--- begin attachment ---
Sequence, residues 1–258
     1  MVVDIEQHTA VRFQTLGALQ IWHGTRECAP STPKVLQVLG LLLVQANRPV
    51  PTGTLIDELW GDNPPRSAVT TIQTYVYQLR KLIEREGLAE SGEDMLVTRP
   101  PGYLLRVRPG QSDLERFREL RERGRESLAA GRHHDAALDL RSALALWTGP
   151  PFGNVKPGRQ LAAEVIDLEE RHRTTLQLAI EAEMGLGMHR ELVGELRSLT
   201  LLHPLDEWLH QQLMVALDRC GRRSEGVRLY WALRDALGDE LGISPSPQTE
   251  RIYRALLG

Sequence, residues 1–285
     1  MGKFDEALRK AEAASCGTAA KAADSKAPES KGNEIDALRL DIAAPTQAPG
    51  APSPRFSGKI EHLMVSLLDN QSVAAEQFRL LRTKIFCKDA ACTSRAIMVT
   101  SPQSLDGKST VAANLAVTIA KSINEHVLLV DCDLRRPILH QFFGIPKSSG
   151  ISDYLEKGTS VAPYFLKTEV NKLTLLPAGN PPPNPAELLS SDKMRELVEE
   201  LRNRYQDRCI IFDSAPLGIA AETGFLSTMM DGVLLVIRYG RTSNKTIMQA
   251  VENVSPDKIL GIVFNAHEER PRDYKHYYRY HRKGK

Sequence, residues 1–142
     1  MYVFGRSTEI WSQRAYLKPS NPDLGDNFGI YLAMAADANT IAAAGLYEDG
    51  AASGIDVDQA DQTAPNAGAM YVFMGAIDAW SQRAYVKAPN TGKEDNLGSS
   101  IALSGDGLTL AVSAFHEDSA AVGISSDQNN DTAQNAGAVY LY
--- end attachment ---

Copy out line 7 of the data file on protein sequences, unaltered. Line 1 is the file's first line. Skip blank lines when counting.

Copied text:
   251  RIYRALLG